Published on 04 June 2019
Our University was the first to volunteer and sign up to the Positive Allies Charter Mark, designed to demonstrate that an organisation is friendly towards, and inclusive of, people living with HIV and that they are actively challenging HIV stigma.
Positive Allies is the first of its kind in the world, and the concept behind the charter was based on the results of a research project undertaken by academic Drew Daltonin 2015 called ‘Silent Scream?’. Drew’s study highlighted what life is like in the UK for people living with HIV and the barriers they faced. It found that those with HIV were still facing stigma within their working environments despite the introduction of the workplace Equality Act (2010).
Since its launch in April 2018, Positive Allies has signed up a variety of organisations from schools, universities and business parks, to not-for-profit organisations and small businesses, ensuring people living with HIV, as either staff or volunteers, are safe and that key staff undertake training, review policies and consider practices and resources, which demonstrate equality and openness about HIV.
Drew, Senior Lecturer in Sociology at the University of Sunderland, says: “We have been delighted with the response across the UK since launching Positive Allies. Our University was the first to apply and has really set the standard, but more work needs to be done.
“While the Equalities Act (2010) added further protections to those living with HIV, many employers are still unaware that HIV is included within this legislation. So not only is there a moral case for organisations to achieve Positive Allies but it is also signalling to others their commitments to equality and diversity legislation.
“By everyone signing up, we can ensure that workplaces become better places for people living with HIV and to tackle some of the stigma that people continue to face today.”
One of those organisations to fully embrace the new charter isRisedale Sports & Community CollegeinCatterick, North Yorkshire.
Principal Colin Scott said: “We are determined to ensure that all of its workforce and pupils are treated with the same dignity as each other regardless of gender, orientation, faith, culture, background or disability and to do so in such a way as to remove all stigma through prejudice to any and all people. The school does not just ensure it meets its obligations through the Equality Act but goes beyond that. This has been our mission for the last few years and it will continue with its inclusive ethos in the years to come.
“Positive Allies is one way in which the school actively demonstrates its support for all and we are proud to have achieved this award as a check that we are indeed doing all we can for the community.”
The Charter Mark provides a free online training course for key staff and volunteers and an HIV Staff/volunteer policy for organisations to tailor around their current policies.
“The charter allows employers to advertise to others that they are making a conscious effort to improve the culture of their organisation, and more importantly to reduce stigma,” Drew added.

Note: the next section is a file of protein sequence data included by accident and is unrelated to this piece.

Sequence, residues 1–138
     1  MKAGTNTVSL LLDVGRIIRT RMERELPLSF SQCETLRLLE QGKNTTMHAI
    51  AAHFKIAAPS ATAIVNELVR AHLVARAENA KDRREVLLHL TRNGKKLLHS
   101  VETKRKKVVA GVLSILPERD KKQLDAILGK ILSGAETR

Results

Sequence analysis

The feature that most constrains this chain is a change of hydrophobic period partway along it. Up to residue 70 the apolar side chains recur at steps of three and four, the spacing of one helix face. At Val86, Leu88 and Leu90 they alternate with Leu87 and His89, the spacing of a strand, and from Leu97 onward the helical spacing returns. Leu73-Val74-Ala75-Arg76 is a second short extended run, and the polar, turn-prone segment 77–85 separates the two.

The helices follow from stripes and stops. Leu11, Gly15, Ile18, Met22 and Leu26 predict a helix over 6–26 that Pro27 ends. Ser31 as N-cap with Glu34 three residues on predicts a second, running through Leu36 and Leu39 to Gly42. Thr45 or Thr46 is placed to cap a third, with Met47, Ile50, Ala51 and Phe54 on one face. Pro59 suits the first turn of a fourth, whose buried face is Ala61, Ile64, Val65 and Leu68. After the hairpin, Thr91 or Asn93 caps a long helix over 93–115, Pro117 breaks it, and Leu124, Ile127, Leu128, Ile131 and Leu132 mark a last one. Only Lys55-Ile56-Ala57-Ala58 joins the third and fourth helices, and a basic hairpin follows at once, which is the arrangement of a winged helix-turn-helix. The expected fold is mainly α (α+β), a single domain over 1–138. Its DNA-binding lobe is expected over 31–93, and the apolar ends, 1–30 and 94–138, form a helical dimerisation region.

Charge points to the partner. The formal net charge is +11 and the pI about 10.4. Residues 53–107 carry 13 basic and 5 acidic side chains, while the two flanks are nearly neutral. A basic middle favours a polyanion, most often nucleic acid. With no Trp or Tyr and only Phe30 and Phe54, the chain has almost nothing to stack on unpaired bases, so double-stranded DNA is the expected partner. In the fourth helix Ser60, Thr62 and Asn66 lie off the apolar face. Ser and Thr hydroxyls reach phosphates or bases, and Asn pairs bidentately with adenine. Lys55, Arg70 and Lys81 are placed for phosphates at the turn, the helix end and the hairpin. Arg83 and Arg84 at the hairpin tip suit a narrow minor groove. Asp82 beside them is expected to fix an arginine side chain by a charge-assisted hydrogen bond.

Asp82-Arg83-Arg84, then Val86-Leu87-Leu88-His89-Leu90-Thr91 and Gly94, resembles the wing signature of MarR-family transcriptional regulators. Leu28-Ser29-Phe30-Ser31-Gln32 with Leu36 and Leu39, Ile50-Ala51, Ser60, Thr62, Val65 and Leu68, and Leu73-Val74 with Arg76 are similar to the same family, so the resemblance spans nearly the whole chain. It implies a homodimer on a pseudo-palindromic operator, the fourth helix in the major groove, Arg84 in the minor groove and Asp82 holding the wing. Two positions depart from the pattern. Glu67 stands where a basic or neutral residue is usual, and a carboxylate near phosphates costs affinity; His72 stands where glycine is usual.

Positive Allies is maintained by the University of Sunderland and an adjudicating panel, to award the Charter Mark, is made up of a range of industry experts and of people living with HIV. Once gained, organisations can use the Positive Allies logo on their websites, letterheads and social media channels.
Justine Gillespie, Human Resources manager at the University of Sunderland, said “We were delighted to support Drew with his project and used it as an opportunity to become an HIV friendly employer. With his advice we developed our HIV/AIDS staff policy, which we launched last year, and also invited Drew to carry out a number of training sessions for staff and students. The feedback we have received has been overwhelmingly positive and so would encourage any employer to sign up to the principles of the Charter Mark.”
The Positive Allies Charter Mark was officially launched at Canary Wharf in April 2018 at the University of Sunderland in London campus. The keynote speech was given by Roland Chesters – a recognised disability and inclusion expert; coach, consultant, workshop leader and motivational speaker. Roland is about to publish a book: ‘Ripples from the Edge of Life’, which documents the stories of 14 people with HIV and AIDS and the impact on their lives.
To find out more about the Positive Allies Charter Mark, and how to sign up, go to:
Academic Drew Dalton’s research projectin 2015, ‘Silent Scream?’, highlighted what life is like in the UK for people living with HIV and the barriers they faced, revealing worrying trends:
- the U.K. Stigma Survey (2015) found that a significant proportion of respondents felt stigmatised and had experienced HIV-related discrimination at work;
- this had a substantial effect on wellbeing; with around half reporting feelings of shame, guilt or self-blame in relation to their HIV status in the last year, while one in five reported having felt suicidal;
- despite being a named condition in the Equality Act (2010), a fifth of respondents who had disclosed their HIV positive status at work had experienced discrimination in their current or previous job;
- 12% of participants had decided not to apply for, or turned down, employment or a promotion due to their status;
- 41 people in the study reported losing their job or another source of income due to their HIV status in the last twelve months, and one in nine reported being denied insurance products (for example, job protection) in the last year, which is illegal.
- over half (52%) of working respondents reported they had told no one in their workplace about their HIV status (Stigma Survey, 2015).